Arlington Public Schools needs to do a better job of designing facilities that provide improved accessibility, candidates for School Board say, and should go well beyond consideration of physical disabilities in its design process.
“Unfortunately, accessibility issues have been longstanding in APS, particularly when new or redesigned schools open,” said Steven Krieger, one of five candidates seeking the Democratic endorsement for two open School Board seats.
Krieger and the other Democratic contenders – plus independent Symone Walker – recently submitted responses to a series of questions posed by Arlington Mental Health and Disability Alliance.
Krieger, who perhaps has been most outspoken in his criticism of the all-Democratic School Board during the campaign, pointed to a number of cases (including the new Alice West Fleet Elementary) where costly remedial efforts to improve accessibility needed to take place.
“While the money is problematic, the most offensive aspect is not the dollar figure, but what appears to be a basic lack of understanding about what is needed and how decisions impact students with disabilities in schools,” he said.
“We need to use the lessons learned from Fleet to move forward positively in our upcoming projects,” added David Priddy, another of the five candidates.
Sandy Munnell, herself a one-time county teacher, pointed to the former Arlington Career Center, which is being turned into an annex for Washington-Liberty High School, as another problem.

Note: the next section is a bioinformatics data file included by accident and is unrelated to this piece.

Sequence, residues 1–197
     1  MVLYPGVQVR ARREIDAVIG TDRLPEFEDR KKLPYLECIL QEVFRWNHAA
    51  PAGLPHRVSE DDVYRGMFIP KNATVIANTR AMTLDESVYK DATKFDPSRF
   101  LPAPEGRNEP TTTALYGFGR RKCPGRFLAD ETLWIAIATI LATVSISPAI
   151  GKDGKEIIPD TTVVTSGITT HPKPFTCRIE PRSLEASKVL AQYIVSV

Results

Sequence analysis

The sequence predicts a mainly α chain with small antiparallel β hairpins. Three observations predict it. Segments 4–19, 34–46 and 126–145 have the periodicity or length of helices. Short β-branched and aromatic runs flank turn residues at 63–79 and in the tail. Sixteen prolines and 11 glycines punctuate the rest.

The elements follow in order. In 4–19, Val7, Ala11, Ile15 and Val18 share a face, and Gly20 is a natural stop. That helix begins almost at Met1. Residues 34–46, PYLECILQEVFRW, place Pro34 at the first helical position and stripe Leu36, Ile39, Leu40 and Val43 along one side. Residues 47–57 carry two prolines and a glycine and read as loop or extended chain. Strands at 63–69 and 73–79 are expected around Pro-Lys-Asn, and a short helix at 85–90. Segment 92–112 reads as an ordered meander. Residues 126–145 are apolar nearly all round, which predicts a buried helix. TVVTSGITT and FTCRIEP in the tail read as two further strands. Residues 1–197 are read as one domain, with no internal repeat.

“The repurposing of the old Ed Center on Quincy Street calls into question how will student with disabilities – even short-term ones, like a broken leg – will be able to access the renovated space,” she wrote.
Terron Sims, who like Priddy has sought a seat on the School Board before, complained that the school system seldom casts a wide net in seeking feedback, robbing itself of the valuable information more input would provide.
“APS must get out into the community where the people are,” he said. “Too often, community leaders have to go fishing for information, when said information ought to instead be pushed down to them.”
Cristina Diaz-Torres, another contender in the Democratic mix, suggested the problem was deeper than individual construction projects, and could be improved with more community teamwork.
“A collaborative framework for decision-making minimizes the chance of overlooking or deprioritizing accessibility issues,” she said.
The five Democrats are seeking their party’s nod to move on to the Nov. 3 general election, where the seats of incumbent Democrats Tannia Talento and Nancy Van Doren – each of whom opted not to seek re-election – will be on the ballot.
The Arlington County Democratic Committee ordinarily would hold several days of in-person caucus voting to select its endorsees, but has pivoted to a vote-by-mail process due to the COVID-19 crisis. The deadline for voters to request a mail ballot has passed, but those who have requested them will have until the end of May to return them for counting.
As has been its practice in recent elections, the party is using ranked-choice (or “instant-runoff”) balloting, where voters can – but are not required to – list candidates in preference. Low-performing contenders will be scratched and their votes reapportioned as directed by voters, until two candidates emerge with a majority of votes cast.
Walker, who is waiting in the wings to take on the Democratic tag team in the general election, said both the county government and school system “lack a bona fide culture of inclusion for physical as well as socio-emotional accessibility.”
The school system, she said, “often falls short on execution, or is wildly inconsistent amongst schools.”
The questionnaire also zeroed in on a host of other issues, from attendance and discipline to student stress. It can be found at https://bit.ly/2YsuL6H.